Flooding Causes Obama to Declare Disaster in South Carolina

The flooding caused as a result of Hurricane Matthew has been quite extensive in many parts of South Carolina. The destruction has been so severe that President Obama has felt it necessary to declare most of the state a major disaster area. Nikki Hayley, the governor of South Carolina, had requested that Obama make the declaration. Obama has also started the process of sending federal aid to 14 of the counties that have encountered the most destruction.


The reason the presidential declaration of a disaster is so important is that it officially begins that flow of money to many of the non-profit organizations that will be heavily involved in the relief effort throughout South Carolina. Local governments will also be reimbursed for the money they have spent so far in finding food and shelter for people who have been displaced as a result of the catastrophic flooding.


Many people thought the worst was over after Hurricane Matthew disappeared. However, that was not the case for many people who live throughout the state of South Carolina. Their troubles were only just beginning. Many parts of the state were completely unprepared for the amount of flooding they received. Therefore, these counties will be relying very heavily on the support they receive from the federal government during this time of crisis. President Obama has also authorized the activation of 1,500 members of the National Guard to assist with the relief effort throughout South Carolina.


Overall, Governor Hayley has been pleased with the national response to the disaster in her state. She believes that the aid being sent by the government will help to save lives. However, she has vowed to be better prepared for any storms that might come through South Carolina in the future. She said she is going to get funding to provide many of the coastal counties with the equipment they need to deal with flooding caused by future storms. She believes that being prepared is the key to limiting the damage that these storms cause. The cleanup process will be a long one. However, Governor Hayley knows the people of South Carolina will persevere.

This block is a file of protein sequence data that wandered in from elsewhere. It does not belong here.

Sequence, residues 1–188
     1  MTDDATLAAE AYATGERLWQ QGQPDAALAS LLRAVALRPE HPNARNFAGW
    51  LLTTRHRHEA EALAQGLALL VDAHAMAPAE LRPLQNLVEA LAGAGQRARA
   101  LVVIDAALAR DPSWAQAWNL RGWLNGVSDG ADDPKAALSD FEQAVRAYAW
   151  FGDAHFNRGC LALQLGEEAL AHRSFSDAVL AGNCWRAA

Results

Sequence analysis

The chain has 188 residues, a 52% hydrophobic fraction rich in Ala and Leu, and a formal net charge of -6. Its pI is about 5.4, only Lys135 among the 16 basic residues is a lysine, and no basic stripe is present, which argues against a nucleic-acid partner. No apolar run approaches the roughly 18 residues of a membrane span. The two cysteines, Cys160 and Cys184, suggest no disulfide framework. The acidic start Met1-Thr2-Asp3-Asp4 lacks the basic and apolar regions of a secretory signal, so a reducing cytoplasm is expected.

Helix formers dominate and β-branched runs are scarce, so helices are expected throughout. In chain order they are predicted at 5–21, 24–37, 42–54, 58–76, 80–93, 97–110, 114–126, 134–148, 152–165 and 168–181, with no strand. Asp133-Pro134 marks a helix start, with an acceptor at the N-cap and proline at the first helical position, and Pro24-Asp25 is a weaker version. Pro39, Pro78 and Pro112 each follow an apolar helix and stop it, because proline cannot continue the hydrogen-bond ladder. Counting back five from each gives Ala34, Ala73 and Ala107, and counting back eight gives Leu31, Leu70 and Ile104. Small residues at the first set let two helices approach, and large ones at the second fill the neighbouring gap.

South Carolina Still Has Flooding Problems

South Carolina was one of the states that was devastated by the fury of Hurricane Matthew. The losses are still being tallied. It will take many weeks to completely assess all of the damage. It is estimated that the losses will be in the billions of dollars. Unfortunately, the problems for South Carolina have not ended when the hurricane subsided. The flooding throughout the state has caused destruction that has resulted in President Obama declaring the state a disaster area. The government has sent aid to displaced residents who have lost their homes in the flooding.


The flood waters still remain in many areas of the state days after the storm died down. The water is not going down as quickly as many experts predicted. This has hindered the attempts to clear debris in the affected areas. This has also prevented people from returning to their homes and starting the process of recovering their belongings and repairing any damages. There is no telling when the flood waters will subside to the point where life can get back to normal.


The flooding is some of the worst that South Carolina has encountered in several decades. The state did have a lot of warning that Hurricane Matthew was approaching. However, many residents are angry about the state government’s lack of preparation. These people believe that greater care should have been taken to have food, clothing and shelter available immediately for people who were living in areas that experienced the worst flooding. The response was slower in some areas because trucks carrying relief supplies to flooded areas were prevented from driving on roads that were covered with water.


Overall the governor of South Carolina believes that the relief effort for residents of her state was executed about as well as can be expected considering the circumstances. All people who needed food, clothing and shelter were provided with it in a timely manner. The big problem still facing South Carolina is how to go about dealing with areas of the state where flood waters are still present. It remains to be seen how this will be accomplished.